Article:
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Posted 14 August 2017 - 09:23 AM

Ok ! (After working on the classical piece with fingers all over the place I noticed I had a bit more freedom so I guess it will come from there as well)

 

Thank you!



#6 Steve Wilson

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Posted 15 August 2017 - 06:48 AM

Hello Tim Tim,

 

It's nice to know you seem to be fairly serious about learning to play the (E) concertina, what with attempting a complex piece.  No you won't have to learn everything twice but you will keep learning if you keep putting in the effort.  I'm assuming you are fairly new to concer since you only have a Jackie, not meaning to demean the Jackie, a great starting instrument, but a with a better quality instrument (as Geoff suggests) you'll learn to fly.  Consider saving those pennies.

 

I'm guessing you are concentrating on instrumental pieces so I'm not sure I can help a lot since I mostly use the concertina for song accompaniment, (with lots of chords), which I think our instrument is just wonderful for.  But my method can be used for instrumental music, I do it when I insert instrumental parts in my songs.  Basically I learn the melody line first and then I learn the chord progression and use different inversions of the chords to decide upon the most satisfactory fingering to my ear. Others may not agree with my chord choices at all!  Once I've got these two different aspects of a song learned I just sit down and try to meld them into a "melody with chords".  Most often the melody notes are part of the chord with occasional "passing" notes which are actually just part of another slightly different chord.  As for fingering, well yes it varies. You do have to learn different ways of playing, but that's a good thing.  No one way is necessarily the right way.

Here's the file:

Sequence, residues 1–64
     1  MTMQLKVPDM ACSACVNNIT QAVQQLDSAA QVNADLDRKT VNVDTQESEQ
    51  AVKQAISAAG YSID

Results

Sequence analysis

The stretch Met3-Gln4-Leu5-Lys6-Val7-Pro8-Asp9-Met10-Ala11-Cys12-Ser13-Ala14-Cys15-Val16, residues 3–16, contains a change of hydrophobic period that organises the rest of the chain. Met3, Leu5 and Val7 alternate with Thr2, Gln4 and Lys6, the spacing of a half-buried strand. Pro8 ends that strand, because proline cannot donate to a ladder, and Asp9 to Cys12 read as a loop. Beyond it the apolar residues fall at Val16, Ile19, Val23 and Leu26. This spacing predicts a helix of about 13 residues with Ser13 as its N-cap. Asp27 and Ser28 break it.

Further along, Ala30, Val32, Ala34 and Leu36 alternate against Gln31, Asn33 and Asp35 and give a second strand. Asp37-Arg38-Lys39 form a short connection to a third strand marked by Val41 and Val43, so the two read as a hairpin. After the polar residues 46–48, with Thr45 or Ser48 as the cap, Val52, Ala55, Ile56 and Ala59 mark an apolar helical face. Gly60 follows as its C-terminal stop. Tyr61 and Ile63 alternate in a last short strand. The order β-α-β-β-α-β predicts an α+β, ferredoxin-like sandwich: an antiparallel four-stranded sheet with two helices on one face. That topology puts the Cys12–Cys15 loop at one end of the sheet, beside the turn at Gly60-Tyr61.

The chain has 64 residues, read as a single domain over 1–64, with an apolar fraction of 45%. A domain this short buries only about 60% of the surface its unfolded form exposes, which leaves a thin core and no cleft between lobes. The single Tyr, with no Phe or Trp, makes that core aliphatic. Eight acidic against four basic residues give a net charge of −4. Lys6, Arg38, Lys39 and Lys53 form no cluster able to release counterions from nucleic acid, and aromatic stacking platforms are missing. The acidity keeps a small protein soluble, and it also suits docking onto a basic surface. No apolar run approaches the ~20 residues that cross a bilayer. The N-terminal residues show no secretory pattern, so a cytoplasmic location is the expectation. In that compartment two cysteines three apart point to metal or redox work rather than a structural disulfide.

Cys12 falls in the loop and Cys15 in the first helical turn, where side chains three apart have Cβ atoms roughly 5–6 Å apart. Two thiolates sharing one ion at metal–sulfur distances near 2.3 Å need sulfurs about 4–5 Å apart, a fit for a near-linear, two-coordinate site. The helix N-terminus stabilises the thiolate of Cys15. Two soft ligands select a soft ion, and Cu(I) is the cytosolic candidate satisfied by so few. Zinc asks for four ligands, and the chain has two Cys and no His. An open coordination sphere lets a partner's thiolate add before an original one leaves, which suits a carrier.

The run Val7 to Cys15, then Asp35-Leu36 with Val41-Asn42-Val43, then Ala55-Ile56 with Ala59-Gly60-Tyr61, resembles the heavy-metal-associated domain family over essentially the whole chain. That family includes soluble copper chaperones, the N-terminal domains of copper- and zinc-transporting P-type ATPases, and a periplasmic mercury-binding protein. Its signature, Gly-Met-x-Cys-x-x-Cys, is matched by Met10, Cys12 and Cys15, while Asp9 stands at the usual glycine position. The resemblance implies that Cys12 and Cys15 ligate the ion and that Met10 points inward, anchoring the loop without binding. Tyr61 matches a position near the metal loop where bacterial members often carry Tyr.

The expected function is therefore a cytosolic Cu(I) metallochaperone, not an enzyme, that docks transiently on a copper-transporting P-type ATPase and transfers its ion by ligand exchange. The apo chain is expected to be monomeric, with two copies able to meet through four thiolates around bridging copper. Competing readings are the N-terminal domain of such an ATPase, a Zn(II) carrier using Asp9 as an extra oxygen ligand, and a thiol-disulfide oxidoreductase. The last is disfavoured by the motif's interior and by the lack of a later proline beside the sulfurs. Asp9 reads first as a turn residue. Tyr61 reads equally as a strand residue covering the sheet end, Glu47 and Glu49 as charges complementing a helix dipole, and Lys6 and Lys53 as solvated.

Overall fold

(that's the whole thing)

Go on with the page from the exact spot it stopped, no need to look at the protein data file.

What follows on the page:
It's really good to have a repertoire of the basic chords (in various inversions) in the basic keys. This is relevant for instrumental music but perhaps more relevant if you're into song accompaniment, then you can sing hundreds (thousands) of songs with just a few chords. Don't tell me you can't sing, (almost) everyone can sing a bit, especially if they're a player of an instrument.

 

Anyway whatever sort of music you're interested in, the concertina is a great little instrument for it.  Not perfect all the time but pretty good.  Keep at it.  The better you get the more you'll enjoy it.

 

Cheers,

Steve.



#7 TimTim

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Posted 15 August 2017 - 01:15 PM

Hi Steve,

 

thank you for your kind words! What kind of music? I have no idea. I didn't even know I'd like playing at all before I got my concertina. I only turned to classical pieces out of boredom and would love to learn more about that too,  but I think I'd love to play "popular" songs for my own enjoyment as well. I've noticed that the songs that stick with me usually have some harmonica or accordion in it. 

 

I'm afraid I have to log off already as a friend has just returned from holiday but I'll keep your advice in mind.